Monday, February 1, 2010

"I'd Rather Be in the Studio"

While shopping on recently, I stumbled upon "I'd Rather Be in the Studio: The Artist's No-Excuse Guide to Self Promotion" by Alyson B. Stanfield ( in the recommended books section. What I liked about this book, and what inspired me to buy it, is that it wasn't just the basic book about starting your "art business", which usually included topics like writing an artist statement, putting together a promotional packet, and how to contact galleries. This book is all about marketing yourself to sell more art and have a bigger "art presence". It includes topics like how to increase your online presence, writing the killer newsletter, and creating a media kit. It is more about promoting your work and creating a buzz than the usual "how-to" on getting into art shows. This seemed like an extremely useful tool for the point that I am in in my career since I am already getting into shows (although that can always be increased) but I am wanting to look more into how I can increase my visibility and make my art and name more of a brand.

The book is divided up into "actions" that a person needs to take. Action 1 is the basic "defining success for yourself" but what I liked about this book was that it gave you a table to fill in that helped you define what success means to you. I remember the first time I was asked this question by artist Jeff Schaller ( when I visited his studio and was picking his brain about how he was able to be so successful at creating art for a living. It was the first time I had to really think about what it meant to me. Does success mean showing in a certain number of galleries? Museum shows? Having a certain number of sales? Being able to support yourself on your art alone? (YES!) Every body's definition of success is different and the table included in this book, along with everything else in the chapter, helps you define it for yourself.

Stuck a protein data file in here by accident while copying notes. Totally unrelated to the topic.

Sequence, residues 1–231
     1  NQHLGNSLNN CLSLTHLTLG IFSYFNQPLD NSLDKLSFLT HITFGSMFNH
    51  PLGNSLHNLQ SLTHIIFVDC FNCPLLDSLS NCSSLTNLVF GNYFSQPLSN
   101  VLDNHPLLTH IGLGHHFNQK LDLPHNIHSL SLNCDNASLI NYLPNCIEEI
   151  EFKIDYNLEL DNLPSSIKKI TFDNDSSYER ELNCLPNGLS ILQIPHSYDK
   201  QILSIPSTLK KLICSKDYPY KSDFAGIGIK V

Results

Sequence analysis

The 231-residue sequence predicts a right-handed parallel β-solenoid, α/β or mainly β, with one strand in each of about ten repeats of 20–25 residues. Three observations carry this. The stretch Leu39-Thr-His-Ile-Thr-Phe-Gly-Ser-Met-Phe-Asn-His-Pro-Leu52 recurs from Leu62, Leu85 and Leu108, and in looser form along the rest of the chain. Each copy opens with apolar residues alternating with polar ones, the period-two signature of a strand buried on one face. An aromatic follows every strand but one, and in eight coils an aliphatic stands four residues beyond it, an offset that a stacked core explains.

What I also like about this chapter was that Stanfield writes about the importance of APPEARING successful. She states that you have to envision that you are already a success (hmmm...sounds a lot like what I wrote about previously on affirmations and visualizations). You need to write about it, speak about it, and believe it (which does not mean being arrogant or speaking down to people, btw. Nobody likes a jerk.). You also need to look the part, such as dress nicely outside of the studio, and make sure that your presentation package is professional looking. As Stanfield puts it "If you don't radiate success, how will you attract a following?"

In the next couple of weeks I will update you on what I learn from this book and how it is working for me. So far I have a HUGE list of things that I need to do in order to get myself organized and start promoting myself better. (I am on action 8 at the moment and the previous chapters deal a lot with organizing your office and setting up your files. Clutter is the enemy!) I am determined to follow each action and so far, I am enjoying reading this book. Stay tuned!

1 comment:

  1. Jhina: I'm so glad to hear that the book resonates with you! And I love your picture with all of the Post-It notes. Just remember that you can't do it all. You may have a big list, but the most important step is to identify your next actions. That will keep you sane. Well, that and not reading the book at night!